He left the group behind in every way. He did not flee with them. He went his own direction. He did not sneak, not as instructed. Choking back the boyish sobbing in his throat he closed his eyes and ran with abandon, beating back bushes, stumbling over logs, tearing through the undergrowth with his steel-toed boots. He felt as if all of the mistakes of his life were coming back in this instant to haunt him. He felt lower than the lowest rat.
When the gunfire started, and the grenades sounded, Sahil opened his eyes and cursed.
When he heard the tank’s gun firing, he felt everything spill from his mouth.
He was screaming, sobbing, crying with desperation.
That should have been him, back there.
No; he should have accepted responsibility. Tukino was not his home, it should not have been, it should not have been his to defend. He cried out her name. And his son’s name.
He cried out in apology.
Had he not been a coward then he would not have to become a greater one now.
Losing all direction in the darkness of the night, and the thickness of the forest, Sahil briefly stopped, leaning forward against a tree and catching several violent breaths. He felt his chest heaving as if his ribcage wanted to flee from under his skin. His stomach churned like a cauldron of acid. His legs shook. There was no part of him not sweating.
Everywhere around him was indistinct darkness.
Save for what seemed like kilometers behind him, where he could see the brief, distant flashes of rifle tracer rounds like fireflies, specks of light in the shadow.
Maybe if he escaped, he could say he was sorry and acknowledge all he had done.
Sahil knew this was foolish and unrealistic but it was all that kept him moving.
He pushed himself off from the tree, and started to run again.
Overhead, he heard a macabre whistling, much closer than the sound he left behind.
He ran headlong, harder and faster, pushing his legs until they felt like jelly.
He plowed through a string of bushes and felt a strong breeze ahead.
There was a light. Two lights, even.
Raising his head, he found himself outside the forest, under the moonlight.
He saw the road, and the open countryside, stretching before him, broad and green.
And he was under the spotlight of a tank. One of the smaller ones — an M5 Ranger.
It had come in from all that country. It had come in and it had found him.
Along its side, a purple stripe and the words Konnigin adorned the hull, along with marks for kills. There were over ten such marks. Despite being called the “small” tank, the M5 was over a meter taller than Sahil, its boxy armored bulk playing host to a turret with a large rear bustle and a small, long-barreled, thin but acccurate 37mm gun. Sahil stared down the barrel of this gun as it descended to meet him. It was ten or fifteen meters away.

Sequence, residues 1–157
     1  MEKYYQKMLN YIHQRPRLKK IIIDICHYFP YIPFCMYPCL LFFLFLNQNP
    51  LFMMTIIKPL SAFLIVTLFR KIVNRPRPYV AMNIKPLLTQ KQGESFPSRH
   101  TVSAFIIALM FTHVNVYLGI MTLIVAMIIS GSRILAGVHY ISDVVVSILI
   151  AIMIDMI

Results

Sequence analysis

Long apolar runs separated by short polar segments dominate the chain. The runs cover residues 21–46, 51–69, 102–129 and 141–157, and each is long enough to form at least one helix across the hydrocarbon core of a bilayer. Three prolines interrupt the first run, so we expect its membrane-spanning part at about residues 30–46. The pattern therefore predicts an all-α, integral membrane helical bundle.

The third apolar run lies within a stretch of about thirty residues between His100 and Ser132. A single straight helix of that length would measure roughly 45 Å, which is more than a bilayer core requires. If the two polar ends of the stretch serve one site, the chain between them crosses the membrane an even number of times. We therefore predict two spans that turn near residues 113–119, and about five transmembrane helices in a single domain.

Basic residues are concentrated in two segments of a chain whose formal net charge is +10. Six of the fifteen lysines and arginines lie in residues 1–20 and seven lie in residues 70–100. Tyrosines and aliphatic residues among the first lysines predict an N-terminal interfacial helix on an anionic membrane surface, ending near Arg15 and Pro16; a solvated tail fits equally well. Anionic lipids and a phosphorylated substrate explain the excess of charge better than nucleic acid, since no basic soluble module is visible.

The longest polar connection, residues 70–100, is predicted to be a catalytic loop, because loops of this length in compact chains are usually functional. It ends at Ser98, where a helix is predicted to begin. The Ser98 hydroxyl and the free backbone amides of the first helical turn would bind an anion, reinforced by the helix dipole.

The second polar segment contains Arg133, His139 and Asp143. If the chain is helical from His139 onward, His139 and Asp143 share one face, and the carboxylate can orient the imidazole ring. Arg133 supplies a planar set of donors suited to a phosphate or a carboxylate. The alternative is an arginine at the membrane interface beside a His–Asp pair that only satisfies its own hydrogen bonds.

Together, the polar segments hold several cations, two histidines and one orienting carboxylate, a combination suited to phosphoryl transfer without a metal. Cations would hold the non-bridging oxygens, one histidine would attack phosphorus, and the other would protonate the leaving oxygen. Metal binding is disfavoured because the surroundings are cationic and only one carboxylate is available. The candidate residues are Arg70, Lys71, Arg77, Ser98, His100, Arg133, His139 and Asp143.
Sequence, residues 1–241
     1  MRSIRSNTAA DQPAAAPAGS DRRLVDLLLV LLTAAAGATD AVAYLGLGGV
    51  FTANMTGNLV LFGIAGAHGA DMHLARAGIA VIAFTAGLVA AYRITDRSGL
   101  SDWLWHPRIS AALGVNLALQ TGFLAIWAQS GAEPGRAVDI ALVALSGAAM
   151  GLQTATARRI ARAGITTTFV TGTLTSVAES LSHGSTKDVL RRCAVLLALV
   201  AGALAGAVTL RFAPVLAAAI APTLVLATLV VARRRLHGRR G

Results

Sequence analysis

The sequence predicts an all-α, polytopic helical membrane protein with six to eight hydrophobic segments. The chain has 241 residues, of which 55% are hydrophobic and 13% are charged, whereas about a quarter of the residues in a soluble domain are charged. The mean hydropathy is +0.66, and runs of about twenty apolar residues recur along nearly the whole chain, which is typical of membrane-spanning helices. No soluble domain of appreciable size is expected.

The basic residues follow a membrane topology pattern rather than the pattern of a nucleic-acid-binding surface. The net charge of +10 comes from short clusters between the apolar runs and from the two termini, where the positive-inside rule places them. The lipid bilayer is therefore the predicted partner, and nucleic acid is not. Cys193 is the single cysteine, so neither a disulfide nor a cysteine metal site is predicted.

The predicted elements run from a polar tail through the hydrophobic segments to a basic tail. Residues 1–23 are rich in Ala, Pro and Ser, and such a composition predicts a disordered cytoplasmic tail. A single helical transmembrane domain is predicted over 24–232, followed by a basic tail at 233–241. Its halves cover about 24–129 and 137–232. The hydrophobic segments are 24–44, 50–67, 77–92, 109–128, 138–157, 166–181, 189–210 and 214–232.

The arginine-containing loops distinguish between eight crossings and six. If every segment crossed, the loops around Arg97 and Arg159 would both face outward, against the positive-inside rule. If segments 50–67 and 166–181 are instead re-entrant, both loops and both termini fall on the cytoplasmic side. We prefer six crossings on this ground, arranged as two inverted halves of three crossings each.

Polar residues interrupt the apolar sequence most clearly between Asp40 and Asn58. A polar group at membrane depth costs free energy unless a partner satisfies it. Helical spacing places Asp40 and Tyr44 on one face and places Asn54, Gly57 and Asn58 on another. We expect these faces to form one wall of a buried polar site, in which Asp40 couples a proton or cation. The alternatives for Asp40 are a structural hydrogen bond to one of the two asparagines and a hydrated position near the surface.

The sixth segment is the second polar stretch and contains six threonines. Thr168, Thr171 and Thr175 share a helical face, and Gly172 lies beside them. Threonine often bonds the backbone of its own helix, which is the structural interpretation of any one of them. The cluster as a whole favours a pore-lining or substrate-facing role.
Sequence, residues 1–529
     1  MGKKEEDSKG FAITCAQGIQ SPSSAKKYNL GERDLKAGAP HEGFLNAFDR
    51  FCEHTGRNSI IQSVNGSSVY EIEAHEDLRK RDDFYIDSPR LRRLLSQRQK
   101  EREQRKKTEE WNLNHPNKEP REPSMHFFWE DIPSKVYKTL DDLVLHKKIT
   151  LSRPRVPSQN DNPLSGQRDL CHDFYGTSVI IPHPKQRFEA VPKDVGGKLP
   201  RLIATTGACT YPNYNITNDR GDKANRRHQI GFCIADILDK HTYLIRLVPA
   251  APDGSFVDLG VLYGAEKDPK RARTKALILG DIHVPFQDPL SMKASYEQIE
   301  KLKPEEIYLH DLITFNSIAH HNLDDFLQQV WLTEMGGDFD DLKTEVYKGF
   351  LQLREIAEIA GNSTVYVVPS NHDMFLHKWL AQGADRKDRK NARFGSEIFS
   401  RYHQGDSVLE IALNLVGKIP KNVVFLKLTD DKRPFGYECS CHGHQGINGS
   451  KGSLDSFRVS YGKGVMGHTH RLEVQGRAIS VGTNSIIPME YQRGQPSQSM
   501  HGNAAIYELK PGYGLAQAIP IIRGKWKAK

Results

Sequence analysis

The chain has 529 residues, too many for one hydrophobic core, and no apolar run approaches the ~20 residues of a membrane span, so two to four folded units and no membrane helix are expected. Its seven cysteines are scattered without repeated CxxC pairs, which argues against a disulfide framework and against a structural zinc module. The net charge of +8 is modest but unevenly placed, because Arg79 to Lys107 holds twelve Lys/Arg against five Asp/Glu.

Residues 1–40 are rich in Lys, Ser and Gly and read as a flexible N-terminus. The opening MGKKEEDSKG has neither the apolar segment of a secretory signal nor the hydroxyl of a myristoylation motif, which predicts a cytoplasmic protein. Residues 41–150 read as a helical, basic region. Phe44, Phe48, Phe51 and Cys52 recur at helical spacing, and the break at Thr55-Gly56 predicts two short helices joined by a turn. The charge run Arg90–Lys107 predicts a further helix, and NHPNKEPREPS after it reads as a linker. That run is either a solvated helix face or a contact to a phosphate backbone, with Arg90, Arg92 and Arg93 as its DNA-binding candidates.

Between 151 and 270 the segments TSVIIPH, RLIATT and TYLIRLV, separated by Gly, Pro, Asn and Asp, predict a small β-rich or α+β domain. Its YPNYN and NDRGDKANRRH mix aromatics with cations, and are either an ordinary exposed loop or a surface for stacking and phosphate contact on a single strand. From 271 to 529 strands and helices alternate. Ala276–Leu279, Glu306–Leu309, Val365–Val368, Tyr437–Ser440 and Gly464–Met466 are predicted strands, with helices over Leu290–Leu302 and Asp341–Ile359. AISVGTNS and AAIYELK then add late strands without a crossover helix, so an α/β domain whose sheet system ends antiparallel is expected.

For a tank, this kind of range was equivalent to a knife fight for a human.
Sahil had nothing but a knife. He had no grenades, he had no guns.
He raised his hands and swallowed his cries.
For moments the spotlight shone on him.
He thought to plead for mercy, but he could not speak the Nochtish tongue.
He knew only one word, a word that filled him with shame.
But his drive to survive was stronger than his pride then.
“Zivilist!” he screamed at the tank.
Not a proud communist fighter, defending the motherland from the imperialist invasion.
Just a helpless civilian begging for mercy.
He heard a mechanical sound from the tank and knew he was done for.
It was the sound of the turret ring, turning.
Moments passed and he continued, somehow, to live.
Speechless, Sahil raised his head and ceased to cower.
The Konnigin turned its turret away from him. It raised its gun to its neutral position.
Swiftly and without warning it maneuvered around him and back into the forest.
For an instant Sahil had thought it meant to run him over, but it did not.
He was alive. Alone, under the moonlight. Not for any of his own power.
Everyone had spared him. They had carried him to this place.
Despite all of his running and all of his cowardice, he survived and they all had died.
“Chanja, Sahil, I’m sorry.”
He mumbled their names, over and over. That girl; and his son.
She had named the baby after him, before he fled. Before he left them to fate.
His legs shook out from under him, and he fell to the ground, sobbing.
There was so much country ahead of him, but nowhere to go anymore.
What he had had not taken from himself, the Federation of Northern States now took.
All he could hope for then was that there were better people than he still fighting.
And that they had better reasons to fight than his own.